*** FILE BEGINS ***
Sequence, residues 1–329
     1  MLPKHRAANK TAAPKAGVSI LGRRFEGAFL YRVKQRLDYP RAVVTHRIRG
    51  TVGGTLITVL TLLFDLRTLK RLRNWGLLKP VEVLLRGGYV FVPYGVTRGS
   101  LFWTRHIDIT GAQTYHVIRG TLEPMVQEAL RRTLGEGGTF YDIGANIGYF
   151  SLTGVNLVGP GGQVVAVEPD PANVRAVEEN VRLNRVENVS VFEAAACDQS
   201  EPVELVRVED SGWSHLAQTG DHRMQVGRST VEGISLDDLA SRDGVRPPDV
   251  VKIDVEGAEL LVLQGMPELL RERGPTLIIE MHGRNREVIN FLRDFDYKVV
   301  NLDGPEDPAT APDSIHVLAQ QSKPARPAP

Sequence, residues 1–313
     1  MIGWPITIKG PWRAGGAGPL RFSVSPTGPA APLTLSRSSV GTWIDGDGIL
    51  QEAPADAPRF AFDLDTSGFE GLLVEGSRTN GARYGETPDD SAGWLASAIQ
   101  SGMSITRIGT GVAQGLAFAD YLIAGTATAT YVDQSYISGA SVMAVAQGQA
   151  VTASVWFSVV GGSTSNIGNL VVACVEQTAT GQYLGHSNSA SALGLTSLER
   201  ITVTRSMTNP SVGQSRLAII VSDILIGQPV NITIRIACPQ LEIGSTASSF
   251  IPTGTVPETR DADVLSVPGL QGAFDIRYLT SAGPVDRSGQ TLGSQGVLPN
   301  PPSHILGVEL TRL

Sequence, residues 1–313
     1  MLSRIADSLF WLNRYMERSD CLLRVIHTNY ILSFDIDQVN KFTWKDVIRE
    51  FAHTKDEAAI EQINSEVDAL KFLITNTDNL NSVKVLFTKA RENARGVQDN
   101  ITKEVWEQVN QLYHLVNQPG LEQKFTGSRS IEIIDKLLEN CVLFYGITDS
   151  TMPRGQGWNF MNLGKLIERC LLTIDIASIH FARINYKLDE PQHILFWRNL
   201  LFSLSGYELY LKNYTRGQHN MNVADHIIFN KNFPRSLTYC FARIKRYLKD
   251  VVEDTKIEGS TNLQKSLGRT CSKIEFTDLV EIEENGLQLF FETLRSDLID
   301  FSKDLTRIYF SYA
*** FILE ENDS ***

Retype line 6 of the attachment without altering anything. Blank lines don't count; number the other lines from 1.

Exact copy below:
   201  EPVELVRVED SGWSHLAQTG DHRMQVGRST VEGISLDDLA SRDGVRPPDV